SLO County investors put money in risky hedge fund promoted as safe by adviser, regulator says
More than $8.8 million has been awarded to a group of San Luis Obispo County investors – clients of Jeffrey Forrest of WealthWise LLC in San Luis Obispo – who lost millions in what amounted to a risky hedge fund that Forrest claimed was safe.
A panel of the Financial Industry Regulatory Authority (an independent regulator of U.S. securities firms) found that Forrest, who had been a broker with El Segundo-based Associated Securities, steered customers to the APEX Equity Options Fund. That was a highly speculative investment that he promoted as providing safety, security and liquidity of investor principal, according to attorneys representing 16 local households.
The fund, worth more than $40 million, was wiped out in 2007 with massive losses after making speculative investments.
Forrest’s representations to his clients about the “safety and liquidity of their investments in APEX, in light of what Forrest knew and understood from the written offering documents constitutes fraud or deceit within the meaning of California law,” said Phil Aidikoff, an attorney for Beverly Hills law firm Aidikoff, Uhl & Bakhtiari, which represented the investors.
But Forrest told The Tribune Monday that he was “greatly disappointed with the findings of the panel,” saying that its decision was not “based on the evidence but was determined by the irrational business climate of today.”
“I am considering my options, including an appeal to the state courts to set the award aside, as it is flawed,” Forrest said.
He also noted that he was pleased that the panel “fully exonerated me on claims that I was wrong in advising my clients to buy Florida Capital, San Luis Trust Bank, Kennedy Clubs and Estate Financial.” Forrest had recommended those investments to clients, and only a small percentage of them chose to participate. The panel denied requests for damages in those instances.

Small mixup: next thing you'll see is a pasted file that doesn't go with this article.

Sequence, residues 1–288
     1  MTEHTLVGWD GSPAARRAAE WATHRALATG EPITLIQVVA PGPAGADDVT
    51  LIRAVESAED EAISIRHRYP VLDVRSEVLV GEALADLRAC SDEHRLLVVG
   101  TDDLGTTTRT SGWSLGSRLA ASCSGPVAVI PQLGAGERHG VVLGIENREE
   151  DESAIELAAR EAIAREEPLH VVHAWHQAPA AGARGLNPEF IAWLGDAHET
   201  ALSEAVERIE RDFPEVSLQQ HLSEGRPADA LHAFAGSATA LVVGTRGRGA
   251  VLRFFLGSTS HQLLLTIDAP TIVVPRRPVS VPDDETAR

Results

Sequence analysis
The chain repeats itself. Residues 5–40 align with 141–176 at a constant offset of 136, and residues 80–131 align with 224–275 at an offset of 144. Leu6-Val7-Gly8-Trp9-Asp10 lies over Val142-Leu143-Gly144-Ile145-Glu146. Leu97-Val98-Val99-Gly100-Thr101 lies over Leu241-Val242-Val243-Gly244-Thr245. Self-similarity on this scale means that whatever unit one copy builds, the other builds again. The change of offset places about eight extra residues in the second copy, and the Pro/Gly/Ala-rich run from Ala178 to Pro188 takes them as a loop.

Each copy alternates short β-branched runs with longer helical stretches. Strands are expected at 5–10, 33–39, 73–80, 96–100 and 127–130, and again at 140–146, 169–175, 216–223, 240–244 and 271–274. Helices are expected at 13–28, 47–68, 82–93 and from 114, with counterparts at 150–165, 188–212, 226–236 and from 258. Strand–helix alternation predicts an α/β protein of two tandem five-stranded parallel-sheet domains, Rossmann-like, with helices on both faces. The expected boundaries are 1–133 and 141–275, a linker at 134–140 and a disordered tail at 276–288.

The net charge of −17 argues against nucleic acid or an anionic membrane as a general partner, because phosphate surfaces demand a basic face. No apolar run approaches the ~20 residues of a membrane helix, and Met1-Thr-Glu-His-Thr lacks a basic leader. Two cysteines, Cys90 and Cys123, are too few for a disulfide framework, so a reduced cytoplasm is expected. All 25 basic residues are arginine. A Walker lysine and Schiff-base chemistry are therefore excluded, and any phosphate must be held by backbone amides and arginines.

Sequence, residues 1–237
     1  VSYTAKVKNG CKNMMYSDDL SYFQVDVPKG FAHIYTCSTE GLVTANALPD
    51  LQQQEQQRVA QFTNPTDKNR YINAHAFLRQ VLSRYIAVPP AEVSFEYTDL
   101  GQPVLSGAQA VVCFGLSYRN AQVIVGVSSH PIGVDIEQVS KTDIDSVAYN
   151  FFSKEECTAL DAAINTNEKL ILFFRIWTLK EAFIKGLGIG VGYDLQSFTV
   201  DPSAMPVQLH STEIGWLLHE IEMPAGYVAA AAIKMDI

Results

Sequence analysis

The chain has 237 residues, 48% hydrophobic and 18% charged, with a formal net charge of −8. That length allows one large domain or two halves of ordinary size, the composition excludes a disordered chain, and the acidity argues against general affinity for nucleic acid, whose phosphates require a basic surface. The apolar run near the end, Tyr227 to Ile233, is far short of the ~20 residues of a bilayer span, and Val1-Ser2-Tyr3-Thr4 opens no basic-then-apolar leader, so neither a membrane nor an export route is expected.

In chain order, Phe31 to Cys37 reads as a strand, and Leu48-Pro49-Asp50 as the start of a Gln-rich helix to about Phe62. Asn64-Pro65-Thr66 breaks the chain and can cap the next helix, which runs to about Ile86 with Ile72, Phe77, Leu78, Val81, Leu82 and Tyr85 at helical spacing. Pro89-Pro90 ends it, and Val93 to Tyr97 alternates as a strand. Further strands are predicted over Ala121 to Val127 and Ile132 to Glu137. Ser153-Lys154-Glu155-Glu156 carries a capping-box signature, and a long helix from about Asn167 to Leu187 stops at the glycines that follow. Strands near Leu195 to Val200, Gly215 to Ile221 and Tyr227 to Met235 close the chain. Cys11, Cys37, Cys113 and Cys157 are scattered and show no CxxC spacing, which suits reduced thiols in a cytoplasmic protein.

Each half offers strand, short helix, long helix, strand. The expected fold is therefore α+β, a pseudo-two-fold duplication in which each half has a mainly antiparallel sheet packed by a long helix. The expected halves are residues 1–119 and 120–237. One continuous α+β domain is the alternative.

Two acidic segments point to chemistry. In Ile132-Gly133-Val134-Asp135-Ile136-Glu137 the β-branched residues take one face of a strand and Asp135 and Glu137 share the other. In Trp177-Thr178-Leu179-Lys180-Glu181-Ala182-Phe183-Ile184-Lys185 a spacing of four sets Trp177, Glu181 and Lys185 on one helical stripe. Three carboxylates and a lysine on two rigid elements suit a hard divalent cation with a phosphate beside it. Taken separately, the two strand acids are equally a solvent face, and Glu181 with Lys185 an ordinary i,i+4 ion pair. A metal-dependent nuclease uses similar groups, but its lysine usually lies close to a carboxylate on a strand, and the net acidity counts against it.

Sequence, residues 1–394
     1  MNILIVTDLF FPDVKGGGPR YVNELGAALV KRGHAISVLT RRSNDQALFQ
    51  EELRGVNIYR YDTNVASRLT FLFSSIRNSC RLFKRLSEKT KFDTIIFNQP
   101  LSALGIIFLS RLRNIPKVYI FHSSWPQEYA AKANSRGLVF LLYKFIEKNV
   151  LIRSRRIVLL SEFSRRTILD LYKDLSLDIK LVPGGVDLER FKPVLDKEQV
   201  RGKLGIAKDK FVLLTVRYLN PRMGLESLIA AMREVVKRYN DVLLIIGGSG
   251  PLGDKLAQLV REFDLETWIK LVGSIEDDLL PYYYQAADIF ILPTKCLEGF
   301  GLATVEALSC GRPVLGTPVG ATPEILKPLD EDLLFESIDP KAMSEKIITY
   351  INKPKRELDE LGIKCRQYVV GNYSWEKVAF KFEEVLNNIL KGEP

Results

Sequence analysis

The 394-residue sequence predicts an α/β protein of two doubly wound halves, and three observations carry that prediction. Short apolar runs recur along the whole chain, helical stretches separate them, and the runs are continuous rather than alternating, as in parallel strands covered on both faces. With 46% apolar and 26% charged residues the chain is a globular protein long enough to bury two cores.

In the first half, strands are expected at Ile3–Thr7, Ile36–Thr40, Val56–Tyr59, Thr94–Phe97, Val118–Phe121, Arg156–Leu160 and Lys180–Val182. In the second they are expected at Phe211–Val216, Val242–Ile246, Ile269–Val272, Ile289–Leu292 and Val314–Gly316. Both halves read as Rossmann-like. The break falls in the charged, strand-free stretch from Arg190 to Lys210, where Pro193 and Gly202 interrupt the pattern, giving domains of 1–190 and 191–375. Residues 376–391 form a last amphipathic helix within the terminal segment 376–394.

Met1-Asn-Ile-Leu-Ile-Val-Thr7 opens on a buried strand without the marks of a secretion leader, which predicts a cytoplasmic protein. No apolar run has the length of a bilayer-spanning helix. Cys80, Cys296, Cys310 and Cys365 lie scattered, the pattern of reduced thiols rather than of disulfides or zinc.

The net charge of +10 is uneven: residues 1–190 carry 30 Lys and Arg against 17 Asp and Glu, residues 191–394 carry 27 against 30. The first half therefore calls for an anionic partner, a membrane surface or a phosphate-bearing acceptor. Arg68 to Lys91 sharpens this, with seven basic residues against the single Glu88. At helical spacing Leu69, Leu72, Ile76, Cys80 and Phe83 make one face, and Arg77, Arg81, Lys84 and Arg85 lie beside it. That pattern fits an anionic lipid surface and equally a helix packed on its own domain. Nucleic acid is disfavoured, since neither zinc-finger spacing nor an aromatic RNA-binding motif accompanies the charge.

Kennedy Clubs refers to the group of health clubs operating in San Luis Obispo County. Estate Financial Inc. was a Paso Robles-based lender who took investors’ money and lent it to developers, with the promise that the investments would generate double-digit interest. The principals of that firm are now in County Jail awaiting trial on charges of defrauding investors. The company’s future is being determined in U.S. Bankruptcy Court.
In the APEX investment, the panel said that Forrest, who earned undisclosed fees of more than $800,000 in the two years that he promoted the APEX fund, touted his expertise with options trading, saying to one client that she should ignore the disclaimers about APEX’s risk because it was “legalese.”
“Forrest then went on to tell her that he rated the risk of investing in APEX on a scale of 1 to 10 (with one being the “safest”) as a two or three notwithstanding that options trading, especially naked options trading, as was done here, is probably a nine or 10 on that same 10-point scale,” according to the panel. Forrest also encouraged some of his clients to borrow money against their homes to invest in APEX, the panel said.
As well, the arbitration panel found that Associated Securities was also jointly and severally liable (plaintiffs may collect their entire judgment from Forrest or Associated Securities) for Forrest’s conduct because it had a responsibility to supervise his conduct and failed to do so, Aidikoff said.
Aidikoff said the award represents 100 percent of the money the firm’s clients had invested in the APEX fund, and that it’s unusual for a panel to offer full damages.
Forrest and Associated Securities could file a petition to vacate in state court, and if so, it could result in a 90-day delay.
“The panel gave them 100 percent of their money back,” said Aidikoff. “A fraud is a fraud. Regardless of their financial savvy, the panel understood that you’re not permitted to defraud any customer irrespective of their experience or education about the markets.”
Forrest declined to say whether he had the money on hand to pay the judgment.
He had a different view of the panel’s conclusions, noting that it found that “the claimants were sophisticated, experienced investors who heard from the APEX fund managers directly that their investments would be safe.”
“I am faulted for repeating what the fund managers told me and my clients,” Forrest said. “The panel also correctly notes that theft of the money by APEX fund managers caused the losses, but then blames me for recommending that the investments be made.”
Two additional arbitration hearings have been scheduled, one April 13 and another May 5, Aidikoff said. The remaining client losses amount to about $5.1 million. Another arbitration case was settled for an undisclosed amount last year.
A civil trial against Forrest by a Huntington Beach property developer is also pending in federal court. The Securities and Exchange Commission also has charged WealthWise and Forrest with fraud.